All analyses were performed using IBM SPSS Statistics version 21.0. Frequencies and Pearson-chi square tests were used to describe and explain associations between categorical data. To assess changes in biomarkers levels, we compared biomarker values at baseline with biomarker values at 1 and 2 weeks of using e-cigarettes. Using the General Linear Models (GLM) procedure, repeated measure analysis of variance was used to examine initial changes for each analyte from baseline to 7 days, and 14 days. Multiple comparisons of mean outcomes for a given analyte were adjusted by using Bonferroni’s method. Repeated measures analysis of variance was used to assess changes in pre-session MNWS-R scores over the study period. All tests were two-sided, and p values <.050 were considered statistically significant.

Results

Demographic Characteristics

Twenty subjects completed the study. All subjects were Caucasian, 60% were females with an average age [mean (SD)] of 31.0 (9.7) (range: 20–52). Subjects smoked an average of 12.1 (7.5) years (range: 4–35); the mean level of nicotine dependence among subjects (as measured by the Fagerstrom Test for Cigarette Dependence [FTCD])39 was 3.9 (2.7) (range: 0–9). At the time of screening, 95% of subjects (n = 19) reported planning to quit smoking, with 80% (n = 16) reporting that they have made at least one quit attempt prior to involvement in the study. All participants reported hearing of e-cigarettes prior to their involvement in the study.

Patterns of Tobacco Cigarette Consumption

At baseline, subjects reported smoking on average 16 (9) cigarettes per day. The average number of cigarettes smoked per day declined at week 1 to 0.8 (1.3) (p < .001) and at week 2 to 0.6 (1.2) (p < .001; Figure 2A). Nine participants (45%) reported no use of tobacco cigarettes at either week 1 or week 2 of the study period. Among those participants who continued to smoke throughout the study, the mean number of cigarettes smoked per day was 1.4 (1.6) at week 1 and 1.1 (1.5) at week 2. Self-reported smoking status was confirmed by the decline in exhaled CO levels in all subjects over the 2-week period of study (p = .007; Figure 2B).

Figure 2.

Changes in cigarette and electronic cigarette (e-cigarette) consumption (A; left) exhaled carbon monoxide (B; center), and nicotine intake (C; right) over 2 weeks of e-cigarette use among 20 cigarette smokers (mean ± SD). *Denotes statistically significant differences from baseline according to repeated measure analysis of variance (p < .05).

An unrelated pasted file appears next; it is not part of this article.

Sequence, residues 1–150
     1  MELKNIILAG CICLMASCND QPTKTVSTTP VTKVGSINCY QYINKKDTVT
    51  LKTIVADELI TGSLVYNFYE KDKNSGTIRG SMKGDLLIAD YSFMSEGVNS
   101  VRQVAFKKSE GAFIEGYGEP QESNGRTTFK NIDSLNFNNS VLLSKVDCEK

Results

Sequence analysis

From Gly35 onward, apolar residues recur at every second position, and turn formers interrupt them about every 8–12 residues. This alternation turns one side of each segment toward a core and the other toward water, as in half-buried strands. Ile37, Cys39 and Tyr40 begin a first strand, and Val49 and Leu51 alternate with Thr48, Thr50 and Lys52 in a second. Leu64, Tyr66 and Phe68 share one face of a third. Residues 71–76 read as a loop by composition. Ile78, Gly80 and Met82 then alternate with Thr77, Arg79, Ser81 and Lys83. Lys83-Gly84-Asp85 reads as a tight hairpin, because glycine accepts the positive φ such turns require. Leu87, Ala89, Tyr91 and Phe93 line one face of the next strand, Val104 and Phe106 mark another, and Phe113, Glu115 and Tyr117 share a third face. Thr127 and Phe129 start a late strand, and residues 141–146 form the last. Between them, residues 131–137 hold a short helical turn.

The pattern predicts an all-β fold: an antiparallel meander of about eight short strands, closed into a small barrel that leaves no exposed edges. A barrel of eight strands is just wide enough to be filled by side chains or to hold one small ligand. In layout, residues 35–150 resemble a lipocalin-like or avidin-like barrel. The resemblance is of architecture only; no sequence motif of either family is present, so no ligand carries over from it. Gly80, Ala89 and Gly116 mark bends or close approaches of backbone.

Figure 2.

Changes in cigarette and electronic cigarette (e-cigarette) consumption (A; left) exhaled carbon monoxide (B; center), and nicotine intake (C; right) over 2 weeks of e-cigarette use among 20 cigarette smokers (mean ± SD). *Denotes statistically significant differences from baseline according to repeated measure analysis of variance (p < .05).

Patterns of E-cigarette Use

At week 1, all participants reported using e-cigarettes every day; one participant initiated less frequent (every 2–3 day) use of e-cigarettes at the week 2 visit. On average, participants reported 17 (10) episodes of e-cigarette use per day at week 1, and 15 (9) episodes of e-cigarette use per day at week 2 (Figure 2A). Most study participants reported using at least one or two nicotine cartridges per day (55% at week 1, 50% at week 2), with the remaining subjects using three or more cartridges per day. The majority of subjects reported first daily use of e-cigarettes 30 minutes after waking (70% at week 1, 75% at week 2), with most subjects reporting heavier frequency of use outside of morning hours (85% at week 1, 75% at week 2). Most subjects reported puffing on e-cigarettes more frequently than tobacco cigarettes (45% at week 1, 40% at week 2); while 30% of subjects at week 1 reported puffing on e-cigarettes less frequently than tobacco cigarettes. At week 2, 25% of subjects reported puffing on e-cigarettes less frequently than tobacco cigarettes. Twenty-five percent of subjects at week 1 reported puffing on e-cigarettes and cigarettes about the same amount, which increased to 35% of subjects at week 2. No significant differences in these behaviors were observed between week 1 and week 2 of the study.

Nicotine Intake

Mean levels of various nicotine metabolites remained largely unchanged, with the exception of a slight decline in nornicotine levels (Table 1). Total nicotine equivalents did not significantly change over the study period (p = .53; Figure 2C). At week 1, four (20%) participants increased total nicotine equivalents by greater than 50%, while six (30%) experienced at least a 50% reduction in total nicotine equivalents. At week 2, only two subjects (10%) increased total nicotine equivalents by greater than 50%, while six (30%) experienced at least a 50% reduction in total nicotine equivalents.

Table 1.

Mean Levels of Biomarkers in Smokers (N = 20) at Baseline, After 1 Week and 2 Weeks of Using Electronic Cigarettes (E-cigarettes)

Biomarker urine concentration (normalized per gram creatinine) Toxicant Baseline (tobacco cigarette) Week 1 (e-cigarette) Week 2 (e-cigarette) p 
Mean ± SD (interquartile range) 
Nicotine metabolites 
 3-Hydroxycotinine (μg/g) Nicotine 4765±3163 (2525–5151) 4472±4315 (1590–5862) 4686±4409 (1506–6576) NS 
 Cotinine (μg/g) Nicotine 2287±1381 (1344–2941) 2048±2102 (745–2211) 1927±1728 (792–2590) NS 
 Nicotine (μg/g) Nicotine 1126±821 (634–1578) 962±1139 (202–1290) 584±752 (112–734) NS 
 Cotinine N-Oxide (μg/g) Nicotine 392±238 (280–466) 345±276 (122–592) 349±303 (95–543) NS 
 Nicotine N-Oxide (μg/g) Nicotine 335±231 (235–415) 326±399 (49–442) 223±232 (36–395) NS 
 Norcotinine (μg/g) Nicotine 136±91 (85–153) 101±97 (30–146) 108±131 (27–118) NS